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Donna Wentworth
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Alan Wexelblat
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About this weblog
Here we'll explore the nexus of legal rulings, Capitol Hill policy-making, technical standards development, and technological innovation that creates -- and will recreate -- the networked world as we know it. Among the topics we'll touch on: intellectual property conflicts, technical architecture and innovation, the evolution of copyright, private vs. public interests in Net policy-making, lobbying and the law, and more.

Disclaimer: the opinions expressed in this weblog are those of the authors and not of their respective institutions.

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Copyfight, the Solo Years: April 2002-March 2004

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In the Pipeline: Don't miss Derek Lowe's excellent commentary on drug discovery and the pharma industry in general at In the Pipeline

Copyfight

« RIAA v. Joel Tenenbaum: The Fleet is in Motion | Main | Immoral Patents, or So Say the Europeans »

November 25, 2008

Right to Own, Right to View

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Posted by Alan Wexelblat

In this blog I spend most of my time on the production side of the issues - talking about business models, distribution, artist compensation, and so on. Once in a while it's important to remember that there are also complimentary rights - your right to own materials produced by creators, for private viewing. Making or buying legal copies of creative works is an essential part of the process - all the author rights in the world don't mean jack if nobody can buy what's created. Sometimes we need to remember those rights because they get attacked.

On Monday of this week Neil Gaiman blogged about a particular incident - a case being defended by CBLDF, the Comic Book Legal Defense Fund.

In this case a person, Christopher Handley, is being prosecuted for possession of manga (comics) that are asserted to be obscene. Handley is facing up to 20 years for possession of material that is... um, let's be honest here, it's pretty much exactly like stuff you'd find on my shelves. I don't collect manga, per se, but I do collect Gaiman's works and some of Alan Moore's more disturbing output.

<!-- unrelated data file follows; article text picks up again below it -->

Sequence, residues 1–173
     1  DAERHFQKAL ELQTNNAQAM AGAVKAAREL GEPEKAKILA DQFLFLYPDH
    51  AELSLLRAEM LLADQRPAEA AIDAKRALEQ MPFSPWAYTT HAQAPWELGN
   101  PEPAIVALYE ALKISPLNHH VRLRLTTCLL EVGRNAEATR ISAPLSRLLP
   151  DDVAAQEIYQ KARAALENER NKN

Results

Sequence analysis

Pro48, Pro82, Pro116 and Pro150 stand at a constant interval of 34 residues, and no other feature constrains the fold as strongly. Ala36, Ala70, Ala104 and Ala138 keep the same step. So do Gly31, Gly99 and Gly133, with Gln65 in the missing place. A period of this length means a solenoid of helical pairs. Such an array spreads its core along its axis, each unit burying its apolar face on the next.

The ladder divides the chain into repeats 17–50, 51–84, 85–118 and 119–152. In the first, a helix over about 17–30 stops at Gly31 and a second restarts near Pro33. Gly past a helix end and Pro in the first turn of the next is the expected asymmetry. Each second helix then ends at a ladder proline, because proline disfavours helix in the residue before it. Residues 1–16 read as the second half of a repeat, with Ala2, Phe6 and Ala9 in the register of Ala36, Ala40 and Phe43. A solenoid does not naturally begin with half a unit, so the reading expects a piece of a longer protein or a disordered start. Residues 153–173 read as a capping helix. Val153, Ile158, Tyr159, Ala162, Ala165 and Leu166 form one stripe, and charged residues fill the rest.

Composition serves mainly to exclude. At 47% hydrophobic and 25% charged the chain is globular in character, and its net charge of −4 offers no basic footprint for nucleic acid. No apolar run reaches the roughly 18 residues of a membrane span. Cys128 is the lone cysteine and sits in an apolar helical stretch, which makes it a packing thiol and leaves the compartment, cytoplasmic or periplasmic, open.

The problem seems to center around images that appear to be young children. It's pretty hard to determine the age of a character in a fiction, unless the author explicitly states it. So the prosecution is based purely on the appearance of an image. Subjective judgement, anyone?

As the parent of two young children, I'm a bit sensitive to the actual use of real children in visually explicit material. I don't think children can consent in any meaningful way, and I don't think they understand the adult implications of explicit or sexual acts. Real people - children and adults - need protection against unscrupulous content producers of any sort who would take advantage of or coerce them.

But that's not what we're talking about here. We're talking about made-up images of purely fictional people. I think it's important to defend the right to own, and the right to view, legally obtained copies of material against overreaching laws.

Comments (1) + TrackBacks (0) | Category: Laws and Regulations


COMMENTS

1. Amanda on March 29, 2009 3:08 AM writes...

may 10 1933 nazi germany starts the burning of over 2 million books why? because they were viewed as non-german, obscene, of different religions, or just plain filth

many works including poetry, science and history are now gone forever because of the evils of the past

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